Fig. 4

Volumetric histopathology of unlabeled 100-μm-thick pancreas tissue samples from three individuals: (a) patient with a pancreatic neuroendocrine tumor; (b), (c) patient with pancreatic intraepithelial neoplasia (PanIN); and (d)–(f) patient with IPNB in the liver. The areas indicated with the boxes (i)–(vi) are shown at three different axial positions with magnification (from the second to the fourth rows). For comparison purposes, adjacent tissues were prepared in thin tissue slides with the conventional H&E staining method. (The fifth row, 400× magnification.) Scale bars are 500  μm long in wide FoV images and 50  μm long in zoomed regions of interest.



Discussion and Conclusion

We present multiscale volumetric imaging of unlabeled tissue samples. We imaged millimeter-scale, unstained, 100-μm-thick tissues at a subcellular 3D resolution, which enabled the visualization of individual cells and multicellular tissue architectures in a variety of tissues. By systematically stitching 3D RI tile data obtained with a long-working-distance ODT setup, we demonstrated an FoV of 2  mm×1.75  mm×0.2  mm with a spatial resolution of 170  nm×170  nm×1400  nm, and, throughout this extended imaging volume, image degradation due to sample-induced aberration was significantly reduced using the holographic refocusing strategy. The present method can be understood as extremely high content imaging. The number of optical modes, calculated as the reconstructed volume divided by the size of the point spread function, was 20  giga voxels.

Considering the label-free volumetric imaging capability exhibited across a variety of tissue samples, this method could potentially be used for rapid cancer diagnosis during intraoperative pathology consultations or small biopsy samples. In addition, the present digital pathology approach has considerable advantages over conventional imaging methods, particularly in terms of measuring seamless multiscale volumetric images; conventional methods only generate one or a few focused plane images. In the current system, the time needed to measure 11×11 sections (1.75  mm×1.75  mm) and produce volumetric reconstructions is 40 and 135 min, respectively. However, this can be further expedited by implementing a high-speed translational stage, a fast image sensor, and more powerful computing power.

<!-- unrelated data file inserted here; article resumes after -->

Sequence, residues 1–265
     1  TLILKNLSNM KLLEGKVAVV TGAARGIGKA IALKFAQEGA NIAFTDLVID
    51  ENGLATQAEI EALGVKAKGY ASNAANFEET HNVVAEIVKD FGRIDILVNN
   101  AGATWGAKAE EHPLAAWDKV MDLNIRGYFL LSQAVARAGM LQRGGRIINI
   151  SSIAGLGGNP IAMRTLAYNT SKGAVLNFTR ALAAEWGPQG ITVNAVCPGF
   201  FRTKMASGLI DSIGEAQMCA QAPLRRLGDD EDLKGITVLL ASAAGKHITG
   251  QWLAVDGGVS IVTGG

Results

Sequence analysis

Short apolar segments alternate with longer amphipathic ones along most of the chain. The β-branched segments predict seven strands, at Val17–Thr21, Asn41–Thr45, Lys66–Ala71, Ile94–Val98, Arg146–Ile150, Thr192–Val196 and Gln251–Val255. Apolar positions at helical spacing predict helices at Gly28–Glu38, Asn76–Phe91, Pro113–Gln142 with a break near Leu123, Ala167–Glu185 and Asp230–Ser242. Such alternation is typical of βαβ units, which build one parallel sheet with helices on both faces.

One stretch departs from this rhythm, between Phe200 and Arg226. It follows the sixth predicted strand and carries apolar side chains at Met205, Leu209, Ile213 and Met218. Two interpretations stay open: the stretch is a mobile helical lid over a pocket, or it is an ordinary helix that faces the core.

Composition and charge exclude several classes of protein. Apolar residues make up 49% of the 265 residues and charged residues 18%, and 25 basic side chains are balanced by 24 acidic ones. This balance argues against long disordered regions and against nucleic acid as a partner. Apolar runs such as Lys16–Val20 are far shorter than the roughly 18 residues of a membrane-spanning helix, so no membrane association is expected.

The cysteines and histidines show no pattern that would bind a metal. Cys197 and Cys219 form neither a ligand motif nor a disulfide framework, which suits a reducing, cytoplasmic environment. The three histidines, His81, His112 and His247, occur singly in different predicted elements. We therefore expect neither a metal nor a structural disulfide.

To make the method more applicable, more research is needed on the imaging of fresh tissues and the histological interpretation of RI information. Because RI tomograms do not generate the same data as H&E staining, they would be utilized as complementary information. We envision that this generic approach could have far-reaching applications in histopathology and cytometry, possibly in conjunction with newly emerging machine learning methods for segmentation and cell-type classification.


H.H., R.H.H., S.-M.H., and Y.P. conceived the initial idea. H.H. developed the optical system and analysis methods. H.H. and Y.W.K. performed the experiments and analyzed the data. M.L. and S.S. provided the analysis methods and analyzed the data. All authors wrote and revised the manuscript. This work was supported by KAIST, Up Program, BK21+ program, Tomocube, and National Research Foundation of Korea (2017M3C1A3013923, 2015R1A3A2066550, and 2018K000396). Professor Park and Mr. Moosung Lee have financial interests in Tomocube Inc., a company that commercializes optical diffraction tomography and quantitative phase imaging instruments and is one of the sponsors of the work.